As strikes devastate Gaza, Israel forms unity government to oversee war sparked by Hamas attack
JERUSALEM (AP) — Israeli Prime Minister Benjamin Netanyahu joined with a top political rival Wednesday to create a wartime Cabinet to oversee the fight to avenge the gruesome weekend attack by Hamas militants. In the sealed-off Gaza Strip, Palestinian suffering mounted as Israeli bombardment demolished neighborhoods and the only power plant ran out of fuel.
Netanyahu vowed to “crush and destroy” Hamas. “Every Hamas member is a dead man,” he said in a televised address.
The new Cabinet establishes a degree of unity after years of bitterly divisive politics and at a time when the Israeli military appears increasingly likely to launch a ground offensive into Gaza. The war has already claimed at least 2,300 lives on both sides.
The Israeli government is under intense public pressure to topple Hamas after its militants stormed through a border fence Saturday and massacred hundreds of Israelis in their homes, on the streets and at an outdoor music festival.
Netanyahu alleged that the attackers engaged in atrocities, including binding boys and girls and shooting them in the head, burning people alive, raping women and beheading soldiers.
As Israeli military retaliates, Palestinians say civilians are paying the price in strikes on Gaza
GAZA CITY, Gaza Strip (AP) — Hallways filled with screaming voices. A terrible stench in the air. Wounded people streaming through the doors. Lifeless bodies and bags of body parts arriving in bedsheets.
The scene at Shifa Hospital was a grisly reflection of the chaos around it. Even as workers mopped up blood and relatives rushed children with shrapnel wounds into surgery, explosions thundered in central Gaza City.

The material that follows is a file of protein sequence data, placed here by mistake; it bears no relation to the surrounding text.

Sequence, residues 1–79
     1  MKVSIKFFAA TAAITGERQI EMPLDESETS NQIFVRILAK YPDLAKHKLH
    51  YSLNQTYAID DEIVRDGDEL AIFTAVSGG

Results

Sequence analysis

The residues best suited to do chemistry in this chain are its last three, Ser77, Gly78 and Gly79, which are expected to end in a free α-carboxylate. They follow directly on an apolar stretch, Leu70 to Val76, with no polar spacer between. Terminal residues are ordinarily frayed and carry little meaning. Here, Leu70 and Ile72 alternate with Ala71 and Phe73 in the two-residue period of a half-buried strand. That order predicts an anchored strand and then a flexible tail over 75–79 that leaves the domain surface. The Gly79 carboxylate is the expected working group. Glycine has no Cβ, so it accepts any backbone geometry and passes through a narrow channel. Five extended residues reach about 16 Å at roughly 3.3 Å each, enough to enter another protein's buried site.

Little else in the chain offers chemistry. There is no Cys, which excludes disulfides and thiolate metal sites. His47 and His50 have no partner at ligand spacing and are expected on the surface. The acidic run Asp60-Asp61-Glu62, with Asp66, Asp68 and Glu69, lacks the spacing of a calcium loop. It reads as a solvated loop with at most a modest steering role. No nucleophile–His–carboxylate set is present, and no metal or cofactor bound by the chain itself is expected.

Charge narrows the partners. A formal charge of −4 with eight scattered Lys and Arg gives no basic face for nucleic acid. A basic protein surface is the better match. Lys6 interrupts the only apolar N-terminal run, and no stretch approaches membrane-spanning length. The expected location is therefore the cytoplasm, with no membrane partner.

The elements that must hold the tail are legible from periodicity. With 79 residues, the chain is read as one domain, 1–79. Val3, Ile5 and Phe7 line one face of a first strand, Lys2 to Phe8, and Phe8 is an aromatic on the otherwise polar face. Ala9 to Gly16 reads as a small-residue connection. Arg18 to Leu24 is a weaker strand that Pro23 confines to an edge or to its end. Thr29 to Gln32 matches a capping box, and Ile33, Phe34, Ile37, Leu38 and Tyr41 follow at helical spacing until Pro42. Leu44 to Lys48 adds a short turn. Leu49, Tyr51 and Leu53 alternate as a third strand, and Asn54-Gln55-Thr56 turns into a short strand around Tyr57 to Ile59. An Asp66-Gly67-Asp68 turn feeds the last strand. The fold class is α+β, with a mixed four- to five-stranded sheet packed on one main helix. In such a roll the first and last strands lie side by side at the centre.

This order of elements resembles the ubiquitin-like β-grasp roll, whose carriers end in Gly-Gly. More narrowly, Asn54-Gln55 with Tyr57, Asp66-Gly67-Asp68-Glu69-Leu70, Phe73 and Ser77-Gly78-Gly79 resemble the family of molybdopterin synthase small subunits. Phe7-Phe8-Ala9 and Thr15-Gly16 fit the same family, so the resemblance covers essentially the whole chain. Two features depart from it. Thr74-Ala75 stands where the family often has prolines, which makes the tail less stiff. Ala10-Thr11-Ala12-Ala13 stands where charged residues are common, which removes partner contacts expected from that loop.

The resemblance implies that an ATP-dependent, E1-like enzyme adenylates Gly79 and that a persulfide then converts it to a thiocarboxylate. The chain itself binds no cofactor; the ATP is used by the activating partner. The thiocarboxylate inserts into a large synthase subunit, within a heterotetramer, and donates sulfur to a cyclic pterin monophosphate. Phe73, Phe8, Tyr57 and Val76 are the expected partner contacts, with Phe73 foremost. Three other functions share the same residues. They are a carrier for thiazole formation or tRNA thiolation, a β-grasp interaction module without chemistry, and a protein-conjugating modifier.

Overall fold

Over the last five days, Israeli warplanes have pummeled the blockaded strip with an intensity that its war-weary residents had never experienced. The airstrikes have killed over 1,100 Palestinians, according to the Gaza Health Ministry. Officials have not said how many civilians are among the dead, but aid workers warn that Israel's decision to impose a “complete siege” on the crowded enclave of 2.3 million people is spawning a humanitarian catastrophe that touches nearly every one of them.
The airstrikes have transformed lively neighborhoods into wastelands of rubble strewn with bodies. There is no clean water. And there is darkness — the territory’s only power plant ran out of fuel Wednesday, leaving only generators that won’t last long.
“This is an unprecedented scope of destruction,” said Miriam Marmur, a spokeswoman for Gisha, an Israeli human rights group. “Israeli decisions to cut electricity, fuel, food and medicine supplies severely compound the risks to Palestinians and threaten to greatly increase the toll in human life.”
After a hard fight to clear militants, Israeli soldiers find a scene of destruction, slain children
KIBBUTZ BE'ERI, Israel (AP) — Trudging down a cul-de-sac turned to rubble, an Israeli army commander stopped in front of one scorched home, its front wall blown wide open. Look at what Hamas militants have done, he said, to this close-knit community that only days ago brimmed with life.
“Children in the same room and someone came and killed them all. Fifteen girls and teenagers, they put (them) in the same room, threw in a hand grenade and it’s over,” Maj. Gen. Itai Veruv said.
’This is a massacre. It’s a pogrom,” he said, recalling the brutal attacks on Jews in Eastern Europe in the 19th and early 20th century.
The Israeli military led a group of journalists, including an Associated Press reporter, on a tour of this village a few miles from Israel’s fortified border with Gaza on Wednesday, following an extended battle to retake it from militants. Before Israeli forces prevailed, the attackers killed more than 100 residents, Israeli officials said.
Be’eri, a settlement of a little more than 1,000 people, is one of more than 20 towns and villages ambushed early Saturday as part of a sweeping assault launched from the embattled Palestinian enclave.
Republicans nominate Steve Scalise to be House speaker but struggle to unite quickly and elect him
WASHINGTON (AP) — Deeply divided Republicans nominated Rep. Steve Scalise on Wednesday to be the next House speaker but struggled to quickly unify and elect the conservative in a public floor vote after the historic ousting of Rep. Kevin McCarthy from the job.